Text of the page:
Uber dealt a major blow in the UK as top court rules its drivers are workers
- The U.K.'s Supreme Court upheld a ruling that Uber's drivers should be classified as workers rather than independent contractors.
- Uber insists its drivers are self-employed and that it acts as more of an "agency" which connects them with passengers through an app.
- The ruling potentially jeopardizes Uber's business model in the U.K. and has major implications for the country's gig economy.
LONDON — Uber lost a crucial legal fight in the U.K. on Friday as the country's Supreme Court upheld a ruling that its drivers are workers, not independent contractors.
The Supreme Court voted unanimously to dismiss Uber's appeal against the ruling. The decision could have huge implications for Uber's U.K. business, as well as the wider gig economy.
Friday's verdict concludes an almost five-year legal battle between Uber and a group of former drivers who claim they were workers entitled to employment rights like a minimum wage, holiday pay and rest breaks.
In 2016, an employment tribunal ruled in favor of the drivers, led by Yaseen Aslam and James Farrar, who claimed they were workers employed by Uber and therefore entitled to certain labor protections.
Uber insists its drivers are self-employed and that it acts as more of an "agency" which connects them with passengers through an app. Uber wants to keep the legal classification of its drivers as independent contractors unchanged, arguing drivers prefer this "gig" model as it's more flexible — it also benefits Uber from a cost perspective.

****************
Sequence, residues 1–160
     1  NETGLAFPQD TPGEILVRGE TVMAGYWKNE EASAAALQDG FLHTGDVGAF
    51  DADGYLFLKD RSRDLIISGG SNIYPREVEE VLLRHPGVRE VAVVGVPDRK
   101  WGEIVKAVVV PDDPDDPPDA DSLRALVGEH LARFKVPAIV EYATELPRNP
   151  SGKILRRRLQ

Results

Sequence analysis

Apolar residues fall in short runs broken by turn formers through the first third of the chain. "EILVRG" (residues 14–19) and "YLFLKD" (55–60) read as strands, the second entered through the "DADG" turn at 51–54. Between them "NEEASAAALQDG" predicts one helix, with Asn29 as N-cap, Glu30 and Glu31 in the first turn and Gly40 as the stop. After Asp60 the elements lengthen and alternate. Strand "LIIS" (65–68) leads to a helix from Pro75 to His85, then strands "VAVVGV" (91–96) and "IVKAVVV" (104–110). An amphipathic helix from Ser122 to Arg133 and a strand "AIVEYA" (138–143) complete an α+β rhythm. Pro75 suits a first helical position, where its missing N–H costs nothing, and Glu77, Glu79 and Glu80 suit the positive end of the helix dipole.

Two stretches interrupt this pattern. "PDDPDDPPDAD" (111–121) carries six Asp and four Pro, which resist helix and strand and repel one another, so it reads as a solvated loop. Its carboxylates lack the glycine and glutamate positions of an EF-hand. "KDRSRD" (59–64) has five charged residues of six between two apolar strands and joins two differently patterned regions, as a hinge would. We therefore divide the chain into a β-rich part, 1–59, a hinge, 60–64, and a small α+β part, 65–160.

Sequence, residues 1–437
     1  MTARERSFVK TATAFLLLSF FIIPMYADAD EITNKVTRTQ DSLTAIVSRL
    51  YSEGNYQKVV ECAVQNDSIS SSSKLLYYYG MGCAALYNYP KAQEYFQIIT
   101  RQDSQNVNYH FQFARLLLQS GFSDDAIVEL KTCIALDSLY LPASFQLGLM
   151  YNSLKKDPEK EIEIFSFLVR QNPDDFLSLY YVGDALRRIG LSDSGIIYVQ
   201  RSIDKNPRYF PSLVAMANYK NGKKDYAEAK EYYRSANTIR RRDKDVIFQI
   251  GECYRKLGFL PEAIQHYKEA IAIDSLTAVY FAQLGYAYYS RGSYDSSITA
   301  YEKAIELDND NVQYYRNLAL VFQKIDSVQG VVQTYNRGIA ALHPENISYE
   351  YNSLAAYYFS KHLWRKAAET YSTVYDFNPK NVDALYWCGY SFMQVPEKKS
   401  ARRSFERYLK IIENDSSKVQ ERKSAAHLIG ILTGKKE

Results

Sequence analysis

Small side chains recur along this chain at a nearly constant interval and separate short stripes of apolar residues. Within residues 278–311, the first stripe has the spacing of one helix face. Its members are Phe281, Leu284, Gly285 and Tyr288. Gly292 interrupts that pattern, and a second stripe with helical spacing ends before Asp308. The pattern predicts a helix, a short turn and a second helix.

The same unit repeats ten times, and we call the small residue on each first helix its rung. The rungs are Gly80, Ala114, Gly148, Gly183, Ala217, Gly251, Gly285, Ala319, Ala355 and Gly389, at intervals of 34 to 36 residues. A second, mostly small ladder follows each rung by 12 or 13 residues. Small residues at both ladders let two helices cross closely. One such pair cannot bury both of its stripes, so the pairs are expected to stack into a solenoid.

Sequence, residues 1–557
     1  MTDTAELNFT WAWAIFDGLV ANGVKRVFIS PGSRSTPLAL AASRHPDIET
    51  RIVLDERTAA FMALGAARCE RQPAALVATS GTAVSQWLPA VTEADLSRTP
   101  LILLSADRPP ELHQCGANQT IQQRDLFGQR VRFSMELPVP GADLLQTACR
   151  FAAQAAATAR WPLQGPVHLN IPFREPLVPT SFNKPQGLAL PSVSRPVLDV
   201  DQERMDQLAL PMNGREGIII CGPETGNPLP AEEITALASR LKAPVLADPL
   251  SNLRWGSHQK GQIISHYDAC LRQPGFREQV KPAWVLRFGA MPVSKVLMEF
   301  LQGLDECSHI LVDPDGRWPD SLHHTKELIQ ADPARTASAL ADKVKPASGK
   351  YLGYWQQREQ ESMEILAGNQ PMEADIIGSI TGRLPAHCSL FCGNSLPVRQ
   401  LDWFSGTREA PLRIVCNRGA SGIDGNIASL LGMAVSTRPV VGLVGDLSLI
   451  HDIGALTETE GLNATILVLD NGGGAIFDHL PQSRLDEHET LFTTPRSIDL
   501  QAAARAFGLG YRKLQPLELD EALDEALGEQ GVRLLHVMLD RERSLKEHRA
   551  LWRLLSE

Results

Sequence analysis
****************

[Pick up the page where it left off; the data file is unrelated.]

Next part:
"We respect the Court's decision which focused on a small number of drivers who used the Uber app in 2016," Jamie Heywood, Uber's regional general manager for Northern and Eastern Europe, said in a statement Friday.
"Since then we have made some significant changes to our business, guided by drivers every step of the way. These include giving even more control over how they earn and providing new protections like free insurance in case of sickness or injury."
Heywood added: "We are committed to doing more and will now consult with every active driver across the UK to understand the changes they want to see."
The U.K. case echoes Uber's legal fight with Californian regulators, who last year attempted to reclassify drivers of Uber and other ride-hailing services like Lyft as employees to grant them more employment protections.
But voters supported a ballot measure called Proposition 22, which exempted Uber and other gig economy platforms from reclassifying drivers as employees.
What happens next?
The Supreme Court ruling potentially jeopardizes Uber's business model in the U.K. Though it only concerns drivers involved in the 2016 case, in theory it is applicable to other drivers using Uber's app.
The company will now have to go back to the employment tribunal to determine compensation for the group of drivers. But it could face further claims from thousands of other drivers in the country.
It also has major implications for Britain's gig economy, which is thought to have a workforce of around 5.5 million people. Other companies operating a similar model to Uber's include Bolt, Ola and Deliveroo.
"This verdict will undoubtedly have far and wide-reaching implications for all gig economy operators and will make it harder for companies engaging people via digital platforms to assert that they are self-employed, despite contractual documentation which may state otherwise," said Helen Crossland, partner at U.K. law firm Seddons.
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